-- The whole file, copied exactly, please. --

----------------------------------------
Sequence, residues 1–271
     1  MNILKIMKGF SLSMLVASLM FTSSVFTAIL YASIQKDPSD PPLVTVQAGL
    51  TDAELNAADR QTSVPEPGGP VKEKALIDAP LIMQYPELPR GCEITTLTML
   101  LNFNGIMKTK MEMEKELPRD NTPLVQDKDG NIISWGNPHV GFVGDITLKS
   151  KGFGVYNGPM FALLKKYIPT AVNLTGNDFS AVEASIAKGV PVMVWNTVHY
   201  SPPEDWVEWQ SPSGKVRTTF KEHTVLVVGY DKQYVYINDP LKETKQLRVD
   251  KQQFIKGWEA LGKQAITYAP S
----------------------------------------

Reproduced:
Sequence, residues 1–271
     1  MNILKIMKGF SLSMLVASLM FTSSVFTAIL YASIQKDPSD PPLVTVQAGL
    51  TDAELNAADR QTSVPEPGGP VKEKALIDAP LIMQYPELPR GCEITTLTML
   101  LNFNGIMKTK MEMEKELPRD NTPLVQDKDG NIISWGNPHV GFVGDITLKS
   151  KGFGVYNGPM FALLKKYIPT AVNLTGNDFS AVEASIAKGV PVMVWNTVHY
   201  SPPEDWVEWQ SPSGKVRTTF KEHTVLVVGY DKQYVYINDP LKETKQLRVD
   251  KQQFIKGWEA LGKQAITYAP S